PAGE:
I was unhappy with my performance in the GD, but couldn’t do anything about it. It was all over. We all had the lunch and it was time for the results. The officer announced the results post lunch and out of 80 plus candidates, only 24 made it to the stage two of the selection process.
I was introspecting myself sitting at the station on one of those iron bentches on platform no-01 and suddenly I heard the announcement of Hazrath Nizamuddin-Hyderabad-Yeswanthpur express. I boarded the train back home.
I didn’t give any other NDA/NA exam thereafter. After the declaration of my grade twelve examination results, I took admission to an engineering college here in Hyderabad. The engineering days went off well. I could only afford the luxury of having just two backlogs in my entire engineering course. It was during October 2013 that I received an email for the UES(UNIVERSITY ENTRY SCHEME)-Indian Navy campus interview at Anurag Engineering College, Hyderabad. Life is tough for the engineering students during internal exams, at least, I would like to think so. We too had our internal lab examination. It was a do or die situation for me. I had my Navy interiew the next day and Internal exam a day after. I was in a dilemma. However, life went on and I decided to take the risk of attending the campus interview of Indian Navy. The next day it started with an opening address by Commander Abdul Rehman post the registration process. A GD and individual narration by the candidates on a particular topic formed the part of the selection process. Everything went well. By the time I was back home, it was too late. I had my dinner and slept. On the day of the exam, I was worried as to how the examiner would behave if I told him that I don’t know to every question that he asked. But to my surprise, there was a bandh call given by the TRS party. The exam was postponed by a week and it came as a big relief for me.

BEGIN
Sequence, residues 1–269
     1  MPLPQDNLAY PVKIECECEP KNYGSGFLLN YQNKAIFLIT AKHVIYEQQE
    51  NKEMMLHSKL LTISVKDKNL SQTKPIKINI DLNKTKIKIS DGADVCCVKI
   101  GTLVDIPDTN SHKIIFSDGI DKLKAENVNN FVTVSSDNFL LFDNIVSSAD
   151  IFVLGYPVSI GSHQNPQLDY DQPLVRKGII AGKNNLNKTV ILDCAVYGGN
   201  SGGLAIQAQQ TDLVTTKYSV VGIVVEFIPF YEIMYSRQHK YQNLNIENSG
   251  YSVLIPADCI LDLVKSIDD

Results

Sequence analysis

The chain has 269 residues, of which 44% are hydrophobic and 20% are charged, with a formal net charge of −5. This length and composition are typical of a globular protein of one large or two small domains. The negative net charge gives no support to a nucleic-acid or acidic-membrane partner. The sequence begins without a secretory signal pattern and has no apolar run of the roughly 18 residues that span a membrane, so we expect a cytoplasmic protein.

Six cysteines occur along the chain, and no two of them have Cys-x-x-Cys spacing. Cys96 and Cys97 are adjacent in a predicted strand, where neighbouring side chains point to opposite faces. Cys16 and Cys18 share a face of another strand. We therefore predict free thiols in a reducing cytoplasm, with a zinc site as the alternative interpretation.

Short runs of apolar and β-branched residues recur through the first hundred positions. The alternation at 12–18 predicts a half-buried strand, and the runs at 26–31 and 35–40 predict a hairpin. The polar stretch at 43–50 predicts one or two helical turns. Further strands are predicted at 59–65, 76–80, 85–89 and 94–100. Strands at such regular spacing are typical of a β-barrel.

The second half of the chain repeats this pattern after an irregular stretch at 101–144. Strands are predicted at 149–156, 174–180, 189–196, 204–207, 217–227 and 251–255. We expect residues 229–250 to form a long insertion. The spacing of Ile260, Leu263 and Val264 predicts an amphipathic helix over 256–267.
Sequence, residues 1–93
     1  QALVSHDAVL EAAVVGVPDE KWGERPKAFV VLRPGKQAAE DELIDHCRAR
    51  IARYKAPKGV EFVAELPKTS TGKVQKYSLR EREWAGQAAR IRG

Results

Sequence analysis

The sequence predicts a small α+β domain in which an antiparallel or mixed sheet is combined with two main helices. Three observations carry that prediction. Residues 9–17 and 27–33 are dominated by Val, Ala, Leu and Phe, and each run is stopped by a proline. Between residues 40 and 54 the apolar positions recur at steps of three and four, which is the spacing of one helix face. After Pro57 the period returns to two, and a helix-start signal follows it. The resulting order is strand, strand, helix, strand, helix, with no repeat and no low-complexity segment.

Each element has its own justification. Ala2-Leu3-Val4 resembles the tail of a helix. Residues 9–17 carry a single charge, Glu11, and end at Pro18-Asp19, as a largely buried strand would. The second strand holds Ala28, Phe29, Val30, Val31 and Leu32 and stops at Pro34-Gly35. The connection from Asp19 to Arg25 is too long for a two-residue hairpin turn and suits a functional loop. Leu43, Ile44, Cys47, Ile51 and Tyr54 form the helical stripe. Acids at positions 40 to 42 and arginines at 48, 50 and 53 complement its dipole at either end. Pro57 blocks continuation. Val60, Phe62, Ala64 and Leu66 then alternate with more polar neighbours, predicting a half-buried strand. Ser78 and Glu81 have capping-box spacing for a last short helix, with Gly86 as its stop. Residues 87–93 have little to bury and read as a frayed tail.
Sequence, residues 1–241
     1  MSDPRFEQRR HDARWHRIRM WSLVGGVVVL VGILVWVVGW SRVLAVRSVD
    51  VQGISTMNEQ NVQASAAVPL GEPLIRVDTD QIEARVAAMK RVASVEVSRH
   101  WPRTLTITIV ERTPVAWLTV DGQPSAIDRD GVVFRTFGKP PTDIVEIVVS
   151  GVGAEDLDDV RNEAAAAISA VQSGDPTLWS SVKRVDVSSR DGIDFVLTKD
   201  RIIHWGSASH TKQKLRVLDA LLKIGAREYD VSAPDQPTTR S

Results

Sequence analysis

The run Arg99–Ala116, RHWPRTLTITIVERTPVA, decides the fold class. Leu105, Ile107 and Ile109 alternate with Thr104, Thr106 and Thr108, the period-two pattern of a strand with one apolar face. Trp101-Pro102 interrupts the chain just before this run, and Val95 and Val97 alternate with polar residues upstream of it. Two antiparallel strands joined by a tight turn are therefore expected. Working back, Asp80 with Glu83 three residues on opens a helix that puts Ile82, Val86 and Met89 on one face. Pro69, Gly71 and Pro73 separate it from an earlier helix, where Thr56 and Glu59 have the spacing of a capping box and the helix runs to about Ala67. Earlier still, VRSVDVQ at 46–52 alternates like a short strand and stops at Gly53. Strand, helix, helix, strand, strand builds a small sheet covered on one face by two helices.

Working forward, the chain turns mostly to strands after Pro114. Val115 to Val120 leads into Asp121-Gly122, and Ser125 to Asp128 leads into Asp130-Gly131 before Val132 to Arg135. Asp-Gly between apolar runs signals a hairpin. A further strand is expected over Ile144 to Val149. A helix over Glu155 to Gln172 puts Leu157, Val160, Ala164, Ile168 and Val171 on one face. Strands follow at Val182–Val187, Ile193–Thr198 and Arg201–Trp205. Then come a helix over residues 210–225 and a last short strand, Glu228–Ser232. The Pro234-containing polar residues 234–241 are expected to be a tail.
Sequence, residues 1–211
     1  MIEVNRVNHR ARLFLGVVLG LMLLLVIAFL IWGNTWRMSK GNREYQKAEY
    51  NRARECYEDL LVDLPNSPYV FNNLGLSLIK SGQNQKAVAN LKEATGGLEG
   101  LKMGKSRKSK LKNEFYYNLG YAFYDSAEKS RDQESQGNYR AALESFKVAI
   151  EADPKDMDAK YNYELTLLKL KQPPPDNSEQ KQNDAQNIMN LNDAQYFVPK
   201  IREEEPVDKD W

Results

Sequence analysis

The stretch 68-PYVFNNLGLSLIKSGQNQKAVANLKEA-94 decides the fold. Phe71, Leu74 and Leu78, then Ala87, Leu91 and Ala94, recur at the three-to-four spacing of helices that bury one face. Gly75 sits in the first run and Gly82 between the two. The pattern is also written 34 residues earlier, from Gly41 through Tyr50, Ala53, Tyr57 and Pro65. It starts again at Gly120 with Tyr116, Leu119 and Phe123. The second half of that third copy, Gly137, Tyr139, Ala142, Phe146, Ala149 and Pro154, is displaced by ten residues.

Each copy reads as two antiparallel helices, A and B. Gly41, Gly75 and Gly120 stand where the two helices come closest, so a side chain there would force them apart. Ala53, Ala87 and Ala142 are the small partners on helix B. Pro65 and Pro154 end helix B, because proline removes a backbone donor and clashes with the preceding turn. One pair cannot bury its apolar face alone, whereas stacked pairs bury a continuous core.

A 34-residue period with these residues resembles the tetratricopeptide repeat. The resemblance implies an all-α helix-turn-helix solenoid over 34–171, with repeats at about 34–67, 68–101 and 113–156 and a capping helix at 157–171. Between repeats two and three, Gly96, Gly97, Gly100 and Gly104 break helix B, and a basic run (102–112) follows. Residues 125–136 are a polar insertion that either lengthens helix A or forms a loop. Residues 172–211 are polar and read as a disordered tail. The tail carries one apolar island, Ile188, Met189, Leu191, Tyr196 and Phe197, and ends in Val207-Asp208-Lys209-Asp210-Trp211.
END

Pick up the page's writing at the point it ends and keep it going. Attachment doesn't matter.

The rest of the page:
A couple of months later, I received an email from the Selection Centre Central, Bengaluru for the SSB interview of UES entry of the Indian Navy and that meant I made it though the campus selection. I took a week off my college project that I was doing at Research Centre Imarat, DRDO, Hyderabad. It was again a tough decision, but I had to take the risk. Mr Arindam Das, my mentor at the missile test facility, DRDO was unhappy upon learning about the prospect. But I convinced him of the timely completion of the project and he obliged.
Reporting at Bengaluru City Junction Railway Station:
If I were to go by the numbers, there were close to 360 candidates reporting for the SSB. We were ferried to the SCS(Selection Centre South) in a bus that was overloaded with the candidates and being a mechanical engineering student, I could sense the disturbance caused by the engine due to the overloading.
After reaching the centre, the document verification, allotment of chest numbers, room allotment and the dinner followed.
Screening Day-12 SSB
As I was familiar with the screening process, I was cautious this time. The OIR test went well as usual. The PPDT went well too. I took the opportunity to speak in the discussion and it went well. I was happy with my performance.
The technical officer of the board showed up with the results. He called out for the names of the candidates. Chest No-01, 80, 17,67,…….., 47(My Chect No)…and so on. The number of candidates who cleared their screening stood at 80. I was happy to have cleared the screening test.
Day 2-Pyschological Test
I think I would not write much about this test fo most of us are aware of it. I attempted all the TAT, 47 SRTs, 50 WATs and the Self-description. The test ended around 1130 hours.
The candidates whose interviews were scheduled for the same day were informed and I was not one of them. I slept for an hour post lunch and went to Bengalore central for the outing at 1600 hours.
It was decided by the officers that chest numbers 01 to 40 will have their GTO on Day 3 and the rest will have interviews and vice-versa. My interview was with the president of the board. I repoted exactly at 1100 hours at the waiting room. Aftera couple of minutes, the chect number 47 flashed in red on the screena and that meant it was time for me to enter the room. I walked down towards the President’s office. I politely entered his office and greeted him. The interview went something like this.
Me: Good Morning, Sir!!!
IO-Good Morning, Raju!!! How are you?
Me-I’m doing well. Thank you.
IO-Please take your seat.
I made myself comfortable on the chair and thanked the IO for his gesture.
IO-So….Raju Swain…(He took a long pause…I guess he was going through my PIQ……)
Tell me something about yourself???
Me: Well, you have my PIQ with you. I expect you to have gone through it. So I won’t tell you much that’s already there.